it also feels lean at 8000rpm as you just come back on the throttle leaving corners. so I guess the question is, do you have a kit or information to delete the air correction system, and are you able to source the correct adjustable needles and needle jets or jet kit?
I do not have to much time to experiment, so if you are able to source the parts that work I would be happy to purchase them from you."
Sorry, we don't have a kit for replacing the air solenoid hoses.
It's a little strange that you get a seizure from a blocked joint, as these solenoids actually control the air flow to the emulsion tube, not fuel, so a blockage would limit air and make the engine run rich.
To give you an idea as to how the air solenoid system works, one solenoid is activated by throttle position, and the other by rpm. They switch on and off depending on these parameters.
I have in the past eliminated the solenoids and hoses by removing all but the two hoses actually connected to the carburetors, and then plugging these hoses with main jets to meter the air flow to the emulsion tubes.
I chose #140 main jets, and then played with the jetting to get a clean rev range. My choice of #140 main came from the fact that the old HRC F3 carb setup has no solenoids or holes, but I found that the internal orifice of the carbs was 1.4mm.
Hence my decision to use #140 mains to replicate this. It all worked fine, without the need for any HRC bits inside the carbs.
I also used a similar setup on an MC18 with a 300 kit, which was being particularly difficult to set up. Can't recall what jets I used, but it cleared it up, and ran like a dream.
Sorry that I don't have a definitive answer for you, but I hope that this helps.
Question (MC18 Jetting)
"I have a fuelling problem on my mc18 1988 . When running the front cylinder is running very rich and causing misfire until I switch the fuel of and when the engine leans out through lack of fuel the cylinder kicks in again . I've have the carbs in pieces several times chech floats and heights and all seems ok the jetting is standard. Could This be a crank seal? I hope not also I cannot find a definitive setting for float heights for this 88 model so I set them to 13 MM. Before they where much higher at around 24mm not that this has made any difference to the problem I have . I have replaced rings cylinder gaskets plugs and caps . Help !!"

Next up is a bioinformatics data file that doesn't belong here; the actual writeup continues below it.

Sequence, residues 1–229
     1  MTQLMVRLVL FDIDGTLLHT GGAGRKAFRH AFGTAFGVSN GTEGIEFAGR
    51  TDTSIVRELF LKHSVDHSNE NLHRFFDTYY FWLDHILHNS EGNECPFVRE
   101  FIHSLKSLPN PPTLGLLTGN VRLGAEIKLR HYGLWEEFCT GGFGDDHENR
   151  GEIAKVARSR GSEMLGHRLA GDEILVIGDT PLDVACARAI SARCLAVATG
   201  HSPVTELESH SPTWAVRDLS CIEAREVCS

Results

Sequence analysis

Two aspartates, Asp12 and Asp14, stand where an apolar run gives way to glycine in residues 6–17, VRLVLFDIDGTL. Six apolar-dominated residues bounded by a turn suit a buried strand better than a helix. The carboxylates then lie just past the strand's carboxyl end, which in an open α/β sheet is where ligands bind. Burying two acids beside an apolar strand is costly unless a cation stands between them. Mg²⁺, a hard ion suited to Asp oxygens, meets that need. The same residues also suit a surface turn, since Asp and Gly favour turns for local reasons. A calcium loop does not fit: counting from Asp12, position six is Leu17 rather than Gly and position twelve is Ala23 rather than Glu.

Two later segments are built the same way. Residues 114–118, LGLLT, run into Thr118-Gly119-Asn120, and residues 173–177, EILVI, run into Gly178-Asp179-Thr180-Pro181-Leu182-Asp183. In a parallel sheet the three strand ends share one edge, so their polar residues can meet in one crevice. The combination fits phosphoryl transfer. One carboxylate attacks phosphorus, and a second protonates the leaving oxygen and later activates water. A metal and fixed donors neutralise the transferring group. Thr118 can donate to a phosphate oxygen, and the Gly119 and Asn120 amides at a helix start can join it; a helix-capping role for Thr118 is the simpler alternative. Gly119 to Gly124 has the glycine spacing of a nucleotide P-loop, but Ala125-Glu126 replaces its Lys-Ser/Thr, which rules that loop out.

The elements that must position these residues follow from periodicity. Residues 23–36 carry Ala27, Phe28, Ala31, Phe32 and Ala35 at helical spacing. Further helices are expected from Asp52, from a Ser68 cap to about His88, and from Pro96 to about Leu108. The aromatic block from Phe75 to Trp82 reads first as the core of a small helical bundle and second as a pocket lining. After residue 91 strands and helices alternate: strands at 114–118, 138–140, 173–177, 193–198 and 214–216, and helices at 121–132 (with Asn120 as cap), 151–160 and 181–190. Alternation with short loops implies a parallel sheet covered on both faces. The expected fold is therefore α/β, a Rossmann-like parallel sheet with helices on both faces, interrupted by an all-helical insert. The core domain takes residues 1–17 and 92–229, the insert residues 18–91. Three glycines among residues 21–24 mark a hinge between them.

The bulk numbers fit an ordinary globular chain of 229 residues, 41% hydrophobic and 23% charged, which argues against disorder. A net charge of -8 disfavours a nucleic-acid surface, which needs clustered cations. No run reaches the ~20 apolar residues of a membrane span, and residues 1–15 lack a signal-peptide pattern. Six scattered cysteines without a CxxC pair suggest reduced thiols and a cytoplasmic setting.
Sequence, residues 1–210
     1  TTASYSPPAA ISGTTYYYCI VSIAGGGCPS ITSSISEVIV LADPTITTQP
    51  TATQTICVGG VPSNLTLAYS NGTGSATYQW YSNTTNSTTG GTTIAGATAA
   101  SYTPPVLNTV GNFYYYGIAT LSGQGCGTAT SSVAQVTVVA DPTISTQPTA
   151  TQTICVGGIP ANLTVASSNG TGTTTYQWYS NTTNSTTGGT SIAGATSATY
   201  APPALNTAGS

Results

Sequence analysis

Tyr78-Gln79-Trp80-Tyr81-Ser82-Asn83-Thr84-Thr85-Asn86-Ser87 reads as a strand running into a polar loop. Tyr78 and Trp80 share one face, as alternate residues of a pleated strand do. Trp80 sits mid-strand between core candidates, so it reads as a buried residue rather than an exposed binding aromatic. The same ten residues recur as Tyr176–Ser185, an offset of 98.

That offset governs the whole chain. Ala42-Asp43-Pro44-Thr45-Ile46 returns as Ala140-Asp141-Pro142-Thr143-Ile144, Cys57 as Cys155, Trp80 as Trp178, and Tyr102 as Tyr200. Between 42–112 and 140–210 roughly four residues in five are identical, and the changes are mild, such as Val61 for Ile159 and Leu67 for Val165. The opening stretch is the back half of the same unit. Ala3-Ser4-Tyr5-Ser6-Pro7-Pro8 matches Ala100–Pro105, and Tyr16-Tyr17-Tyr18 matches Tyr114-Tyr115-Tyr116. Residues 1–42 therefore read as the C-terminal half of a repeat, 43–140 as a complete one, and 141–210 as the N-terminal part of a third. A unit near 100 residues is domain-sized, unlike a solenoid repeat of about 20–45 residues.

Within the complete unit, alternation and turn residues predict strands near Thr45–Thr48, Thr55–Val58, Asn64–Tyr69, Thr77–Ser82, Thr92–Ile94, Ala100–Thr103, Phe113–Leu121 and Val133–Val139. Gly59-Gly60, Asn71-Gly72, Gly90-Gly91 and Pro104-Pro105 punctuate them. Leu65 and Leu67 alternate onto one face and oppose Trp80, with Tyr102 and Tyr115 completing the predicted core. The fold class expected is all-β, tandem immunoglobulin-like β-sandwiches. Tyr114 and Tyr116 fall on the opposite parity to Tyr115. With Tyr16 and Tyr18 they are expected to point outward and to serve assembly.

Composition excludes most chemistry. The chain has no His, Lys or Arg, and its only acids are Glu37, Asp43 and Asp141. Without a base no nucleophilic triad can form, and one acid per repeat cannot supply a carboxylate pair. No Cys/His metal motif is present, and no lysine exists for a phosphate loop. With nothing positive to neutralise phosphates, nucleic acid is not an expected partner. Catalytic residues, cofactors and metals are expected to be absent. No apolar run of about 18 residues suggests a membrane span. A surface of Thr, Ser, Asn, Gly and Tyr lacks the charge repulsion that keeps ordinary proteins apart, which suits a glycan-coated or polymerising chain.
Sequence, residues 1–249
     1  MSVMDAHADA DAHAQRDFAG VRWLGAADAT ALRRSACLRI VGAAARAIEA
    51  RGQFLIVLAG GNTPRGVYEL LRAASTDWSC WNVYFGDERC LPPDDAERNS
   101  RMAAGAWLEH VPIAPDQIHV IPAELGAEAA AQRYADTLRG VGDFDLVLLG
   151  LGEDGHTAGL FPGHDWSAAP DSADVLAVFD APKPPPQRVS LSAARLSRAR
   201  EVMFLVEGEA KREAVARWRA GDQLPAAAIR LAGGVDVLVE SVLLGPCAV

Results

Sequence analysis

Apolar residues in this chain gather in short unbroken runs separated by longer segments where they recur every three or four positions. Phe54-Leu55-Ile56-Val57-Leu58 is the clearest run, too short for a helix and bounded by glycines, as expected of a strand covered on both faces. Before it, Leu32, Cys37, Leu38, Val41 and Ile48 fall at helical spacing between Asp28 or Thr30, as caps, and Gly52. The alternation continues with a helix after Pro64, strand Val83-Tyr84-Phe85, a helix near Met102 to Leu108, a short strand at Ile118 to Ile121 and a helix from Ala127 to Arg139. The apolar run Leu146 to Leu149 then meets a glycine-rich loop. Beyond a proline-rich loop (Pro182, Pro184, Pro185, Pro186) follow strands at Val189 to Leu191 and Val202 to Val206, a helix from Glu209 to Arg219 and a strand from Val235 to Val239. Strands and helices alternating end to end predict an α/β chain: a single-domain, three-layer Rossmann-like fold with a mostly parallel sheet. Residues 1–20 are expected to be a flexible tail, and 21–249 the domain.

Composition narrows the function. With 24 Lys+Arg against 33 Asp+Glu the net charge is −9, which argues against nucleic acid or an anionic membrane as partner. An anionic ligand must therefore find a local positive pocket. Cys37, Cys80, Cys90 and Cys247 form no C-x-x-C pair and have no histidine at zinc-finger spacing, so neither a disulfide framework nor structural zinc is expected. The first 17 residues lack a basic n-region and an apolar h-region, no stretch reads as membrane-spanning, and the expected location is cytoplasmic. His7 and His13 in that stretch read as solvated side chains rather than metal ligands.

The TA carburetor range (MC16 through to MC21) should have a float height of 13mm, so you are correct there.
If the crank seal is an issue then the bike will be generally hard to start and run very rough at low rpm, but tend to clear at higher rpm.
First little test (for component elimination) is to swap plugs, plug caps and coils from left to right and see if the problem switches sides. Unlikely, but can save many hours of head scratching.
When the bike first start (from cold), does it run correctly, and then start missing as it warms up? If so, then this would lead to loose connections on the coils. This seems to be a problem that most NSR's will suffer at some point. Pull off the spade connectors from the coils and look for evidence of burning. Try giving the spades on the coils a bit of a clean, and also squash the female connector (on the harness) a tad so that you get a firmer connection. This has solved many an NSR misfiring issue in the past.
Failing that, check to see if the float valve on the carb is leaking. If the valve cannot close fully then this could cause your problem.
Typical issues here are the rubber end of the valve having a hard lacquer. This can be cleaned with acetone (Nail polish remover). Wear gloves and don't breath that stuff in!!
Also, the valve seat can become pitted over time from corrosion. Sometimes this can be carefully dressed up by using a cotton bud with metal polish, spun in a drill. This is actually quite a good plan even if they're not leaking.